This is not the first time arson attacks on vehicles have been used to promote a law-and-order campaign in the run-up to city-state elections in Berlin. It was much the same five years ago. Then, however, the attacks were directed primarily against vehicles and equipment of the police and army.

To recall, a brief chronology of the events in 2006:

April 9: arson attack on police headquarters in Berlin

May 5: arson attack on two official vehicles of the Berlin police in Berlin-Lichtenrade

May 24: arson attack on the Social Security Court in Berlin-Mitte

July 20: arson attack on a car dealership in Berlin-Mitte

September 4: arson attack on two official vehicles of the federal police in Berlin-Lichtenberg

September 11: arson attack on four vehicles of the Berlin-Charlottenburg public order office

A dubious organisation called the “militant group” (mg) took responsibility for some of the attacks at the time. According to Wikipedia, charges were brought against alleged members of the mg at the State Security Senate of the Berlin Kammergericht (court) in the summer of 2008. The following year, no objections were raised when the media reported that “the leading investigator at the Federal Criminal Investigation Agency (BKA) admitted to the Berlin Kammergericht” to having falsified evidence against three alleged members of the “militant group”.

Shortly thereafter, in July 2009, the “militant group” publicly announced its dissolution, and has since disappeared from the scene. The BKA has never revealed how many informers it had in the group, or whether these agents were involved in the preparation and execution of attacks.

The question once again arises whether and to what extent state security organs are involved in the series of incendiary attacks. The Berlin Tagesspiegel newspaper indirectly draws attention to this question. In its August 17 edition, it comments: “An alarming suspicion is being voiced in security circles. The person who received a rather mild penalty last Wednesday for setting fire to a car might not have been the perpetrator after all”.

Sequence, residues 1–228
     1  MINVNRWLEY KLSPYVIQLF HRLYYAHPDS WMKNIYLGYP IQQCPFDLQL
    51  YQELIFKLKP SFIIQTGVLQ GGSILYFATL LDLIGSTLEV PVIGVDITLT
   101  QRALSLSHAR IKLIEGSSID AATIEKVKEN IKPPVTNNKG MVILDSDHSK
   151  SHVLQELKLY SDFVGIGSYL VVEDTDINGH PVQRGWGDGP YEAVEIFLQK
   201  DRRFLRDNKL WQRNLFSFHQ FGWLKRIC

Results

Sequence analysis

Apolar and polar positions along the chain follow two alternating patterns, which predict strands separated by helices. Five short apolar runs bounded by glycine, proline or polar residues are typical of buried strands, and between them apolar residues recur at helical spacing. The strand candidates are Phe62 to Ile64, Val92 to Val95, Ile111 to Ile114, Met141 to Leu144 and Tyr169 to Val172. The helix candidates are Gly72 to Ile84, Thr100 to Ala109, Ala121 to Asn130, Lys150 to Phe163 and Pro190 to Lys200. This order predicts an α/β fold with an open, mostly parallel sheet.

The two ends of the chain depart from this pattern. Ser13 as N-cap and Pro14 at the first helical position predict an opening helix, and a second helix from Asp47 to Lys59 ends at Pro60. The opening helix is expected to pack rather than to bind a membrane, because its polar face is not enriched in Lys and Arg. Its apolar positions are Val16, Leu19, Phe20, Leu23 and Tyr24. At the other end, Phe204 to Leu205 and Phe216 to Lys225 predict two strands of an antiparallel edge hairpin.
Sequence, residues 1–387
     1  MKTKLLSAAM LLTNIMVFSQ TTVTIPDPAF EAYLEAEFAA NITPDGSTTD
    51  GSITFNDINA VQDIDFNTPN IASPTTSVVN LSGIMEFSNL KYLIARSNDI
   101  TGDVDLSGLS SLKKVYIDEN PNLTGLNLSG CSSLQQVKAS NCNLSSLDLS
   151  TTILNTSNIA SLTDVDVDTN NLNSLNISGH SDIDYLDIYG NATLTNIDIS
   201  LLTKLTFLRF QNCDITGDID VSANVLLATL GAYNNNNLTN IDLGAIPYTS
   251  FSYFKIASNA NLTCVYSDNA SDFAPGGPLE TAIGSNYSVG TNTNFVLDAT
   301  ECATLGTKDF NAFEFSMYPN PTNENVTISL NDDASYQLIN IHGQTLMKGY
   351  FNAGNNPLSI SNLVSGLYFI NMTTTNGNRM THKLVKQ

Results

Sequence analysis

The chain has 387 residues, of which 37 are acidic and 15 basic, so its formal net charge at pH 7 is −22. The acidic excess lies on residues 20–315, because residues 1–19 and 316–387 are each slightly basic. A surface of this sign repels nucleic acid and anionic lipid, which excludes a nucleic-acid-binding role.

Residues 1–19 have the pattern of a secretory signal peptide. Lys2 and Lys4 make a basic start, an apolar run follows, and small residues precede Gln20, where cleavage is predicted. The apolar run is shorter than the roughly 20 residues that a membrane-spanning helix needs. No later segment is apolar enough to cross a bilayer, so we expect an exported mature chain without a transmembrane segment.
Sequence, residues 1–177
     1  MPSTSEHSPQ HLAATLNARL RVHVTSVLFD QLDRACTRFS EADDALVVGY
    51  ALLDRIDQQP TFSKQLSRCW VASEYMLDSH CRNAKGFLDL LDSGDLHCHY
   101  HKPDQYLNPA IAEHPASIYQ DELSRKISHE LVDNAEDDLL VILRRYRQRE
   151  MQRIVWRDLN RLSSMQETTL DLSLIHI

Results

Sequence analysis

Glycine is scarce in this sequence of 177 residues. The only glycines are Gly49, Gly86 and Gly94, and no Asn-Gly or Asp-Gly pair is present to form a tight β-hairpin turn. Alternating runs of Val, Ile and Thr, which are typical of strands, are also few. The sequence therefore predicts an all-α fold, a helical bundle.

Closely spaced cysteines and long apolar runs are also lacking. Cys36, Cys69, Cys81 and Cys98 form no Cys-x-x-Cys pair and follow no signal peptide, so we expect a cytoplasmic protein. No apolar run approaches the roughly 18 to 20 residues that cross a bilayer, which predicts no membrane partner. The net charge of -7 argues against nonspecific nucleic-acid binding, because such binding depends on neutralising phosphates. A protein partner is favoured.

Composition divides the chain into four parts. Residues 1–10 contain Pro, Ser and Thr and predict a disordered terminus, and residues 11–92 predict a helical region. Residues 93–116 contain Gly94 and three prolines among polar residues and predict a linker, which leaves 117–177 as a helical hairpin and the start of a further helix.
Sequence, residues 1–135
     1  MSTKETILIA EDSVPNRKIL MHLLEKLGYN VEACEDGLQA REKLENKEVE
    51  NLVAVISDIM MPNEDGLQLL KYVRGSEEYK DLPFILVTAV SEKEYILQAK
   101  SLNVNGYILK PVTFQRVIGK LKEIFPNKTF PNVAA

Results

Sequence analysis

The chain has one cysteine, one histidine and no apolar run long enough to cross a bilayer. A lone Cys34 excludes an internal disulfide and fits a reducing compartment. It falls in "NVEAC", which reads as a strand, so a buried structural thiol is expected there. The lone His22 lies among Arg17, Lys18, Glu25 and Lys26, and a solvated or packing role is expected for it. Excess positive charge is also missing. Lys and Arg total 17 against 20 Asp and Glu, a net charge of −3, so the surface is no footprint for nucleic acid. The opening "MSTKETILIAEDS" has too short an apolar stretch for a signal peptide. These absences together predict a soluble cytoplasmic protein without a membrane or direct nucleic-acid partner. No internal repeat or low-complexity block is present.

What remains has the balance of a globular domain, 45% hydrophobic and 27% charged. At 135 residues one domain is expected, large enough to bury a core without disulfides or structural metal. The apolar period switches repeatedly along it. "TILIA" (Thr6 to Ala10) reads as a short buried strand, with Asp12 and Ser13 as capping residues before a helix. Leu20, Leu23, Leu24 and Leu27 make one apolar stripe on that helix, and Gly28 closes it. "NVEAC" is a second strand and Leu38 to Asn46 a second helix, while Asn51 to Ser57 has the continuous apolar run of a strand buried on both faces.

The article goes on to describe how Berlin’s Tiergarten district court imposed a suspended prison sentence of one year and 10 months on a man from the left-wing squatter milieu, because he had torched a BMW motor vehicle in Friedrichshain in mid-May. Having received the verdict, he was immediately released from custody. The current series of incendiary attacks began immediately afterwards.

A day later, the same newspaper conducted an interview with the incumbent Berlin head of police, Margaret Koppers, quoting her as saying: “I tend to suspect that there are scattered lone offenders, not yet rooted in the left-wing milieu, but trying to make a name for themselves in the scene in this way”.

What does this mean? What do the security forces really know? Has the arsonist from May been investigated since his verdict was delivered? Was the suspended sentence related to any deals made with the police or secret service?

What is certain is that the Berlin arson attacks have nothing in common with the youth rebellion in Britain. That was a rudimentary outburst of the frustration and anger of many thousands of young people, directed against a criminal and corrupt elite that is destroying the future of an entire generation.

The Berlin car burnings, however, involve the actions of cowardly individuals, directly targeting the people of the city, and serve a thoroughly reactionary purpose.

The PSG warns that a climate of fear is being created whereby right-wing parties and politicians will be able to press more effectively their demands for an upgrading of the police force and other apparatuses of the state.